By R. D. Siripala


Agriculture is the backbone of the Sri Lankan economy; it contributes significantly to export income and contributes approximately 7.5 per cent of gross domestic products (GDP).1 Over 30 per cent of Sri Lankans are employed in the 2 agricultural sector.2  Demand for agricultural produce at the national level has grown exponentially over the decades due to population growth. At the same time, the agriculture sector is vulnerable to changes in climate making agriculture more challenging and resulting in declines in productivity. To meet this expanding demand, farmers must become more adept at anticipating climate changes, supported by the development of a Training & Visit (T&V) System by the Government of Sri Lanka. The T&V system initially significantly contributed to agricultural development, but the system is unable to address the current needs of the farmers.

Through the Information and Communication Technology Act No. 27 of 2003, (ICT Act), the Government of Sri Lanka has taken the breakthrough decision to use information and communications technology (ICT) tools in national development. The agriculture sector is a main target for empowermnet through ICT. The aim is to improve the accessibility of agricultural technical and market information and other farmer-centric government and private-sector services. It is hoped that these measures will ensure the food security of the country through planned food crop production, while ensuring farm incomes are optimized.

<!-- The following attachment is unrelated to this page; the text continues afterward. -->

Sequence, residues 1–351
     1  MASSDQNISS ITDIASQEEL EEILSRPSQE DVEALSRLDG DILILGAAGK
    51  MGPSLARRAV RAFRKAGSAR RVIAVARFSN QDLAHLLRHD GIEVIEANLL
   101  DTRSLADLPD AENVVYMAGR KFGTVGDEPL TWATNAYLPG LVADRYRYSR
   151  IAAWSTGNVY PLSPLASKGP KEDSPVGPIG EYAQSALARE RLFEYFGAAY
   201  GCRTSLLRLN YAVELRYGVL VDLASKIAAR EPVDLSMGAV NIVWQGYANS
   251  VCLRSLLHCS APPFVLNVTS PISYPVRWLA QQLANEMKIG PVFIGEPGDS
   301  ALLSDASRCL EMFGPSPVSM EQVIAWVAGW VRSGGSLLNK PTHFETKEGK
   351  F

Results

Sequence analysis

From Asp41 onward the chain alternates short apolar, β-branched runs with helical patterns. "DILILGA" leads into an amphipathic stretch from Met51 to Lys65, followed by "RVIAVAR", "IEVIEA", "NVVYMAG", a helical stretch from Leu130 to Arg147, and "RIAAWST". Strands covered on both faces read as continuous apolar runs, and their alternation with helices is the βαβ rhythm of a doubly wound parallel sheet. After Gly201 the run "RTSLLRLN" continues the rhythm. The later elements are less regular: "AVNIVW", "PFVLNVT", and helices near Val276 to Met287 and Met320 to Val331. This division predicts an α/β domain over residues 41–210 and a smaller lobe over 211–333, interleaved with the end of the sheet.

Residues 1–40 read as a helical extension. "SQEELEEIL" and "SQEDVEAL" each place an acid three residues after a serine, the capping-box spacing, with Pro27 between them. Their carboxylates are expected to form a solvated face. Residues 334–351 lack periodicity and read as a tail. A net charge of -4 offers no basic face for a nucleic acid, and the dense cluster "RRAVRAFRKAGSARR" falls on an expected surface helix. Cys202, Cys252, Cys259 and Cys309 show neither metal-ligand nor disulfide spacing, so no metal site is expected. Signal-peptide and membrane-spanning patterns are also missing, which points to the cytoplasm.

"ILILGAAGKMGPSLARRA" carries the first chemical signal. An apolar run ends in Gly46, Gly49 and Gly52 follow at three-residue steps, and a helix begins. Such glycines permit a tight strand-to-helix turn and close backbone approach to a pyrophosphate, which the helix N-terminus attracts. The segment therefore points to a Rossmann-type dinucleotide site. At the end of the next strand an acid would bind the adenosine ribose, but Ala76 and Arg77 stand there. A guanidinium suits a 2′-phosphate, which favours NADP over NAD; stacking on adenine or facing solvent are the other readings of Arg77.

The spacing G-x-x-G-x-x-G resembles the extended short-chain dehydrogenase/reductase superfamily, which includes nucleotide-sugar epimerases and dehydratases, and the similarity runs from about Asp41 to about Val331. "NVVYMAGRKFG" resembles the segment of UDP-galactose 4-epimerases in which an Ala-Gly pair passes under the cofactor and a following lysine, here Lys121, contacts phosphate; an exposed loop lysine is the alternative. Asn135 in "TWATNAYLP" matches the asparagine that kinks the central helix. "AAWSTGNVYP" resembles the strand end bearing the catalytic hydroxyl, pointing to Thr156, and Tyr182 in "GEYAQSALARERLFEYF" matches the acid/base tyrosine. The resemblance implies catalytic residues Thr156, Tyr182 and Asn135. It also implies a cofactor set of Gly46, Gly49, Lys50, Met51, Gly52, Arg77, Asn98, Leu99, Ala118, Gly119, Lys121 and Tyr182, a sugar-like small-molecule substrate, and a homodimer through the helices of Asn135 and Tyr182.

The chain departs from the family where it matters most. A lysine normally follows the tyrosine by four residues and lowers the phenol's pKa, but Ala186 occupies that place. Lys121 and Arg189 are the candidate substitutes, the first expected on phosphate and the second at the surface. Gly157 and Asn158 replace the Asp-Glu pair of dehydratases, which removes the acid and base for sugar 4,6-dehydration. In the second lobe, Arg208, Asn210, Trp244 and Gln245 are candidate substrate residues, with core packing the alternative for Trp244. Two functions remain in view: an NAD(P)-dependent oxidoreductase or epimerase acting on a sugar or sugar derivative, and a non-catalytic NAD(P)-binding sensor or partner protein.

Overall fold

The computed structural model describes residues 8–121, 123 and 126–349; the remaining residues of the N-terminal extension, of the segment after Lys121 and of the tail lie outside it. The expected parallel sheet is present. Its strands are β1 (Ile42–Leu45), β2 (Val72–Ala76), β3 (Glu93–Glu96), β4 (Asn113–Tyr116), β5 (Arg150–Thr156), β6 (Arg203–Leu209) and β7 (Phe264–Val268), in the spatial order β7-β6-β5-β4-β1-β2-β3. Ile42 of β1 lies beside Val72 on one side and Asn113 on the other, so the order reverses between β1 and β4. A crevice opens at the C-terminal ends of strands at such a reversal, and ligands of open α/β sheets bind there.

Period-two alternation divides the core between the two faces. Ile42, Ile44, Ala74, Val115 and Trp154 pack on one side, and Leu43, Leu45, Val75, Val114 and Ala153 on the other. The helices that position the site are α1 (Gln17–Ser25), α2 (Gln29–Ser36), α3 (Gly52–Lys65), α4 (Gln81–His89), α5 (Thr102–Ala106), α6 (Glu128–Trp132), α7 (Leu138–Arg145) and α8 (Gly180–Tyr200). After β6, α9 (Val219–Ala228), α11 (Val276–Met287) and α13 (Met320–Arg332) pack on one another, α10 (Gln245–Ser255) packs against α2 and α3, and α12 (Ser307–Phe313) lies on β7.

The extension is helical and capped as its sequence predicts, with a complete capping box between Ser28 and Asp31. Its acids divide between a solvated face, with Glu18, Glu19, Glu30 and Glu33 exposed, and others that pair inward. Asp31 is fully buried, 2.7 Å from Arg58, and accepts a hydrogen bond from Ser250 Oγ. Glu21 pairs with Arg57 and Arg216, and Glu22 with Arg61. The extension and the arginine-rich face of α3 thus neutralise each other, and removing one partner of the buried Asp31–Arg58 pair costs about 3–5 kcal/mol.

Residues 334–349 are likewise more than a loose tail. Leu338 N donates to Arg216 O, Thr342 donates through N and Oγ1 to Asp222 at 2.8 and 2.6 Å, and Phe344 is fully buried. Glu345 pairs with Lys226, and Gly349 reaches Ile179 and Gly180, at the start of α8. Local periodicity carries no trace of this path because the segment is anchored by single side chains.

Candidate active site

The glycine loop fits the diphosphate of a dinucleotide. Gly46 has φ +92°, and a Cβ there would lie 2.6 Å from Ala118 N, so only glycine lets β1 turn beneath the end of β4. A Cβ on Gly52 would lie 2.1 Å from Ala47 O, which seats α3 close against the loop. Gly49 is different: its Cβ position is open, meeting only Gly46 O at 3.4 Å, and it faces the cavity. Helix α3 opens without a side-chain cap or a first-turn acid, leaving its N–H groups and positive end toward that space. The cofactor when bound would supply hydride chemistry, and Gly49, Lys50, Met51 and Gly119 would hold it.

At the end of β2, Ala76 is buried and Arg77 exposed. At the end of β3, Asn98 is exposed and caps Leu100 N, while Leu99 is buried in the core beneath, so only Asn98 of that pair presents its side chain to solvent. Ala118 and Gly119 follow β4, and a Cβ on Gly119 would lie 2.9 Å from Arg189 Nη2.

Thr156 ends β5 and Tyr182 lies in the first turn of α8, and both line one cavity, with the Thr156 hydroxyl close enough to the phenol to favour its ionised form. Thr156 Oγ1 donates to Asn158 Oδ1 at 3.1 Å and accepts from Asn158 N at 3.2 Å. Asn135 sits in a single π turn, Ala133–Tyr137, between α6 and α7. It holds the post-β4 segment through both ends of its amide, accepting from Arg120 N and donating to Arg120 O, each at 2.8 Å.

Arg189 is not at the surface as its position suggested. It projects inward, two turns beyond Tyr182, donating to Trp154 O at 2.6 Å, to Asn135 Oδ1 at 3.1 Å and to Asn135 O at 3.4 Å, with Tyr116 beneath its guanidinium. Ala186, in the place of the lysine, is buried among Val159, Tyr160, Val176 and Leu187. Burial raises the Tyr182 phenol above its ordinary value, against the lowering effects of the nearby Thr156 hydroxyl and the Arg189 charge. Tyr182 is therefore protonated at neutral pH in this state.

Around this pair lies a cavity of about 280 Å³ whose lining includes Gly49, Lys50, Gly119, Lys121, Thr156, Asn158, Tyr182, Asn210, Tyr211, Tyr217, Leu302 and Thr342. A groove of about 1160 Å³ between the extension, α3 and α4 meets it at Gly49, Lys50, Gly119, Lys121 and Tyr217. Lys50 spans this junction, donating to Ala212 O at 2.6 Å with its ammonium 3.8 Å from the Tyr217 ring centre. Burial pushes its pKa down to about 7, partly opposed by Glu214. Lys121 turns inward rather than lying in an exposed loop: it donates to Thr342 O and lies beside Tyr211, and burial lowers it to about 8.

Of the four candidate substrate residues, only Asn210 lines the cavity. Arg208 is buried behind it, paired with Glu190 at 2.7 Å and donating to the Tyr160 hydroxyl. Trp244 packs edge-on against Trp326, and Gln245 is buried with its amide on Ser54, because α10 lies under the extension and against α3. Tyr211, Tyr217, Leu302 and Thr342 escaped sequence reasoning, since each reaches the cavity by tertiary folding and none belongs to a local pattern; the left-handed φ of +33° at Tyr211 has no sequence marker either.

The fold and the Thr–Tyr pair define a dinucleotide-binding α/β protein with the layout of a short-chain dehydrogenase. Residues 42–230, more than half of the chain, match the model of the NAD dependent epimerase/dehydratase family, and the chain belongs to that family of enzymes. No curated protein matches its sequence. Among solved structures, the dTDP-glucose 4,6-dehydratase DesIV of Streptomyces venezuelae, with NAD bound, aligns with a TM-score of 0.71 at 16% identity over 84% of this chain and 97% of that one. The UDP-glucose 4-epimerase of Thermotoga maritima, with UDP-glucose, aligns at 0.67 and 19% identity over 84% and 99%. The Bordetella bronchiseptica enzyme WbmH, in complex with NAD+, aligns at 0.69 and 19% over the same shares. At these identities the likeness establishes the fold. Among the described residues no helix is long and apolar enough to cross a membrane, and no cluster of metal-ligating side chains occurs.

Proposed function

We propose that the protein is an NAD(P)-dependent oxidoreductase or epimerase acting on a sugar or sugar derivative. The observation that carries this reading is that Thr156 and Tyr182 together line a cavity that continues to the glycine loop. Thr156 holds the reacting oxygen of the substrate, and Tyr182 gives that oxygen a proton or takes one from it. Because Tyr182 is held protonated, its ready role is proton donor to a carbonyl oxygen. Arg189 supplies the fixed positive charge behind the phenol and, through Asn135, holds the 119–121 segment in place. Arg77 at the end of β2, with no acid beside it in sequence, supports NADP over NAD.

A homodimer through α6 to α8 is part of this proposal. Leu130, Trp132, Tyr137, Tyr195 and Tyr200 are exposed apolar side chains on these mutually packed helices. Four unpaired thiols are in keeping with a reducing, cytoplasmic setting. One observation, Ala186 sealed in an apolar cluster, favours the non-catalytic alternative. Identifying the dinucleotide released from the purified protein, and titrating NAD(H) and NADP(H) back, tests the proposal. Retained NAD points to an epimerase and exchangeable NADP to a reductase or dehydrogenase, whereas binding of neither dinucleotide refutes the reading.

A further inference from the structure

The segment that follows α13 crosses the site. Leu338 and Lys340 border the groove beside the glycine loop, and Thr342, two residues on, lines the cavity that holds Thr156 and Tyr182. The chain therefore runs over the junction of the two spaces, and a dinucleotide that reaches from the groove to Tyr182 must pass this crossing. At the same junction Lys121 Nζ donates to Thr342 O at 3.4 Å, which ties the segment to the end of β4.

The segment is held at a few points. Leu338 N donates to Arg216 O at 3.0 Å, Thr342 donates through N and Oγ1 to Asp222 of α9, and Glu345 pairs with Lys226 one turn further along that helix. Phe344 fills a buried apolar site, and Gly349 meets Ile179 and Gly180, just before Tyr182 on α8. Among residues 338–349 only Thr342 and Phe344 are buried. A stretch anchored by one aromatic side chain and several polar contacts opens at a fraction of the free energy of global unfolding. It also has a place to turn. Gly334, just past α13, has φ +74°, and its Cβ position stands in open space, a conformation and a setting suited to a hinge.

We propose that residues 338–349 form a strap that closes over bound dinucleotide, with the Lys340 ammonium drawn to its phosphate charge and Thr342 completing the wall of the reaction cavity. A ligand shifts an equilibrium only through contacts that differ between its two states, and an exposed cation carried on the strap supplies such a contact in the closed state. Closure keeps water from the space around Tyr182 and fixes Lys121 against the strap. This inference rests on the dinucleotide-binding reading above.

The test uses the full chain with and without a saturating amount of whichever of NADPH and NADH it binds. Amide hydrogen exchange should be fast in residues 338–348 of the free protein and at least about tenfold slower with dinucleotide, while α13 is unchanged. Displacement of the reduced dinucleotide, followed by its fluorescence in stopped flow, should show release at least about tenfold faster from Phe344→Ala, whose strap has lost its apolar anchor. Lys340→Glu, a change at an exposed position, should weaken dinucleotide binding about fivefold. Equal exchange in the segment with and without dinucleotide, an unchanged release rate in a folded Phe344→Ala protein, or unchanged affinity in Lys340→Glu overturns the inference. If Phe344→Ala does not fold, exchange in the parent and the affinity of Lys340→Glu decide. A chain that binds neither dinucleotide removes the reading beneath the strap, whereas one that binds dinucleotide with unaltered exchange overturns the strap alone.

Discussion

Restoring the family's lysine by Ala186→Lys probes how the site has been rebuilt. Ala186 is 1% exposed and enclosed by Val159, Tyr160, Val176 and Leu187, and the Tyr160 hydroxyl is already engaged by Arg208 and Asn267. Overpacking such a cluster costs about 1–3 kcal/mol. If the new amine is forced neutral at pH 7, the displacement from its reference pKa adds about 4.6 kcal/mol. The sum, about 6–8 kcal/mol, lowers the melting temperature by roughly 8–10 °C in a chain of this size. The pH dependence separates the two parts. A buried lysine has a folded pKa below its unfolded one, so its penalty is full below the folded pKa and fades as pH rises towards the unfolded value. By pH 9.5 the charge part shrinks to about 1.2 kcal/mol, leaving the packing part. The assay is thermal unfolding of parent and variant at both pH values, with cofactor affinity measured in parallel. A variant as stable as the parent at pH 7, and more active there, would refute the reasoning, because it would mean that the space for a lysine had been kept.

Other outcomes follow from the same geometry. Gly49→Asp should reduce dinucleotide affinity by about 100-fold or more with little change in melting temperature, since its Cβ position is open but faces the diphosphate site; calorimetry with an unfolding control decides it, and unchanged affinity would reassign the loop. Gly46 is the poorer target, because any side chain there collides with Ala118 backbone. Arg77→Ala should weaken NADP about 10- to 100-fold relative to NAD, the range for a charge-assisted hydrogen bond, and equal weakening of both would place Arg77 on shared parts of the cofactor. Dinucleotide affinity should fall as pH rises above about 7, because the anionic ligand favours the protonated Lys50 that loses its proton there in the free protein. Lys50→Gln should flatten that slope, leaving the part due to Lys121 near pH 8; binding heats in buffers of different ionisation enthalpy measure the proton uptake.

ICT innovation by the Department of Agriculture

The traditional extension system of the Department of Agriculture (DOA), which has been operating for many decades in the country, has its own strengths in respect of strong infrastructure and capacities. The extension system together with agricultural development research has ensured the food security of the nation. However, the DOA is currently taking measures to merge ICT-supported agriculture extension systems with the traditional systems to strengthen and improve the efficiency of the extension system by using ICT.

Crop-based information repositories on interactive multimedia CD-ROMs
Interactive multimedia CD-ROMs (IMM CDROMs) are stand-alone applications developed using multimedia authoring tools. Each IMM CDROM includes technical information on a food crop or other agricultural subject, such as integrated pest management, micro-irrigation or protected agriculture. The production of IMM CDROMs has helped to pool almost all of the technical information on new crop varieties, good agricultural practices, post-harvest technologies, value addition, success stories, etc.

Figure 1. Interactive multimedia CD-ROM on food crops in Sinhala and Tamil languages

Considering the low computer literacy of extension workers, as well as farmers, a familiar concept, similar to reading a book, is used for the interface, including a page-turning facility. The contents are organized into chapters, topics and subtopics and users can also print each page.

Television programmes on agriculture
Television programmes are the most common means of mass media activity and are highly effective in technology transfer, especially in the field of agriculture. Three videos have been produced by the DOA for national broadcast, namely Govi Bimata Arunalu (Agriculture Technology Programme), Mihi Katha Dinuwo (Farmer Success Story) and Ketha Batha Kamatha (Traditional Agriculture). The programmes are very popular among farmers and related groups. The videos have been uploaded to the YouTube and Vimeo, and shared through social media. The statistics show that this has significantly increased access to these videos by interested groups.